During team selection the top sixteen teams are given "national seeds", which are used for organizing the brackets. The first tier, called "regionals", consists of 16 locations that include four teams competing in a double elimination bracket. The regional containing overall #1 seed will be matched up with the regional containing the overall #16 seed, the #2 seed will be matched up with the #15 seed, and so on. The winner of each regional moves on to the second tier, the "super regionals".

Double-elimination tournament

A double-elimination tournament is a type of elimination tournament competition in which a participant ceases to be eligible to win the tournament's championship upon having lost two games or matches. It stands in contrast to a single-elimination tournament, in which only one defeat results in elimination.

The super regionals are played at eight locations throughout the country and consist of the 16 surviving teams, with the higher seeded team usually hosting. Two teams are matched up at each location and they play a best-of-three series to determine who moves on to the Women's College World Series.

The final eight teams meet in Oklahoma City in the Women's College World Series. The WCWS is further divided into two sections. The first part resembles the regional tier, as teams are broken in two groups of four to play in a double-elimination bracket. The winners of each bracket then meet in a championship series, held at the ASA Hall of Fame Stadium, which is similar to the super regional tier in that it is a best-of-three series. The winner of the WCWS is crowned national champion.

Oklahoma City State capital city in Oklahoma, United States

Oklahoma City, often shortened to OKC, is the capital and largest city of the U.S. state of Oklahoma. The county seat of Oklahoma County, the city ranks 27th among United States cities in population. The population grew following the 2010 Census, with the population estimated to have increased to 649,021 as of July 2018. The Oklahoma City metropolitan area had a population of 1,396,445, and the Oklahoma City-Shawnee Combined Statistical Area had a population of 1,469,124 residents, making it Oklahoma's largest municipality and metropolitan area by population.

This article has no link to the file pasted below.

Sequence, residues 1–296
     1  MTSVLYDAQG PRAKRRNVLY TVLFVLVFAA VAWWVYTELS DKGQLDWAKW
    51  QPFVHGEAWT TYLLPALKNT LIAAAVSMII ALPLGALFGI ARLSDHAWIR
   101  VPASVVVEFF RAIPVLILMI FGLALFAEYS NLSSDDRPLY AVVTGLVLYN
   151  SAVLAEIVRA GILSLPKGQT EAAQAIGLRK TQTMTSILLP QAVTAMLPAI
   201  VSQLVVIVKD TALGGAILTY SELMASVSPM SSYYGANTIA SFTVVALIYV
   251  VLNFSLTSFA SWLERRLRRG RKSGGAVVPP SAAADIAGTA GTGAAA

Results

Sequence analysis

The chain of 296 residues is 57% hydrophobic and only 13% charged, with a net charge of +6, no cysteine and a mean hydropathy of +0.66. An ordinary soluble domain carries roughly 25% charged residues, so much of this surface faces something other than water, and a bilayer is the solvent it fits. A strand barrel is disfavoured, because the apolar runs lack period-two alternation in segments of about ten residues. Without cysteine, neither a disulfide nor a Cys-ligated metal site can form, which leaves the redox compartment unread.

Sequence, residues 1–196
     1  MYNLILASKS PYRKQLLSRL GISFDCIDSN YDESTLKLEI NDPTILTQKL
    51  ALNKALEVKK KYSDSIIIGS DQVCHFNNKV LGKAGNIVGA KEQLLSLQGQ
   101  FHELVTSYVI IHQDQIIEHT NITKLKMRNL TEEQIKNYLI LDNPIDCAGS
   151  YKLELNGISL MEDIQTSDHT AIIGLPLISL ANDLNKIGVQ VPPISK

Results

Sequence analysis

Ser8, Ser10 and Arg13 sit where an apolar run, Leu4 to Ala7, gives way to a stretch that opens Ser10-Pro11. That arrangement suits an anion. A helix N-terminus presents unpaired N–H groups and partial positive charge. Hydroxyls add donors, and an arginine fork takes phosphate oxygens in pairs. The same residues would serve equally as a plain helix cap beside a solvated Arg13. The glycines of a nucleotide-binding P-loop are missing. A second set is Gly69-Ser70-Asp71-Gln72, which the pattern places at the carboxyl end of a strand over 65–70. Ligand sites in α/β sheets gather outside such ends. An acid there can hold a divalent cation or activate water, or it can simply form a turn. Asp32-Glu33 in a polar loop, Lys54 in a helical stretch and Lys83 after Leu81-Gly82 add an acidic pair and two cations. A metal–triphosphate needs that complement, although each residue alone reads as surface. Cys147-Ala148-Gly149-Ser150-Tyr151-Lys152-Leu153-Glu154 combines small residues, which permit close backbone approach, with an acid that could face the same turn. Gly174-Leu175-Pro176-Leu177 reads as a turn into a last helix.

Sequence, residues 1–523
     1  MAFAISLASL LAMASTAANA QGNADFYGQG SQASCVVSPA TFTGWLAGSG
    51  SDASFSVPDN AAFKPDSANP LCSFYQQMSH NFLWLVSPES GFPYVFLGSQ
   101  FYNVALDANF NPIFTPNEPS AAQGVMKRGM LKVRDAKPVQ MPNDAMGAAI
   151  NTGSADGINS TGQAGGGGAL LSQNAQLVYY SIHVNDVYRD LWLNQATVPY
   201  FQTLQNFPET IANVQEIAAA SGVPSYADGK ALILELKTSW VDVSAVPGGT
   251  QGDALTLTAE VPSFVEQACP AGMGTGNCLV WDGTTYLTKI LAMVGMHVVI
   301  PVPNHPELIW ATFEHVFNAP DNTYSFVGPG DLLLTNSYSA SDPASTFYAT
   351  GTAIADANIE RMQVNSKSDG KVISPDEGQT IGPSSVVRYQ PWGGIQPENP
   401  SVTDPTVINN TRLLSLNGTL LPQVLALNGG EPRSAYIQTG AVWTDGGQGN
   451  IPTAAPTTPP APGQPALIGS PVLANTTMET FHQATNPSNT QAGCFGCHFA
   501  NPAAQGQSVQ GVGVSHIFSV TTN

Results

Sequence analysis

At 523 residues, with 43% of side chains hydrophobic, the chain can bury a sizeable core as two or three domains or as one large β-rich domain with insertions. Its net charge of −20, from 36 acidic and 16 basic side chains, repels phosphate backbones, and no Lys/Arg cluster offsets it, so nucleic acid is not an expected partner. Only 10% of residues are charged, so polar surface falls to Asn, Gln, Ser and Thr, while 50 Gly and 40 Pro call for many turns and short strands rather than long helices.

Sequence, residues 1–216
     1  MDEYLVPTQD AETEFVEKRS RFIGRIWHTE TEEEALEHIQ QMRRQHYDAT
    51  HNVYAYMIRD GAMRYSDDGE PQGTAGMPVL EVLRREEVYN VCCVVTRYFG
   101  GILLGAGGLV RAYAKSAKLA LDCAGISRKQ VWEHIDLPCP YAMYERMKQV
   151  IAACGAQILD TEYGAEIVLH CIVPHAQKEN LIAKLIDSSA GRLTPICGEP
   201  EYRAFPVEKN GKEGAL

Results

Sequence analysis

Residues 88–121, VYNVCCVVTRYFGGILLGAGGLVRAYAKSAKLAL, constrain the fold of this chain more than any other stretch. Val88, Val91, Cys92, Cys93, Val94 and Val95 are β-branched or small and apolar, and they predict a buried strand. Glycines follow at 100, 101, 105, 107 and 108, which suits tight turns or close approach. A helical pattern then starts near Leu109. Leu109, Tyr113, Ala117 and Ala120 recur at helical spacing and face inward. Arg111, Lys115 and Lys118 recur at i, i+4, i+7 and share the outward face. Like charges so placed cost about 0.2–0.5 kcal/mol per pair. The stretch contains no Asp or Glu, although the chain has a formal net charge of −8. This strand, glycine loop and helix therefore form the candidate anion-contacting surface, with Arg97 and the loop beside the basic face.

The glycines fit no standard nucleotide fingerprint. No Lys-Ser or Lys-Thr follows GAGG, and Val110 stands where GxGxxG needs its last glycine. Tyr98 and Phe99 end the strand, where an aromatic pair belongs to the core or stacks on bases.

ASA Hall of Fame Stadium

OGE Energy Field at the USA Softball Hall of Fame Complex is a 7,300-seat multi-purpose stadium in Oklahoma City, Oklahoma, United States. It is owned and operated by USA Softball.

See also

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The 1989 NCAA Division I Softball Tournament was the eighth annual tournament to determine the national champion of NCAA women's collegiate softball. Held during May 1989, twenty Division I college softball teams contested the championship. The tournament featured eight regionals of either two or three teams, each in a double elimination format. The 1989 Women's College World Series was held in Sunnyvale, California from May 24 through May 28 and marked the conclusion of the 1989 NCAA Division I softball season. For the second consecutive year, UCLA won the championship by defeating Fresno State 1–0 in the final game.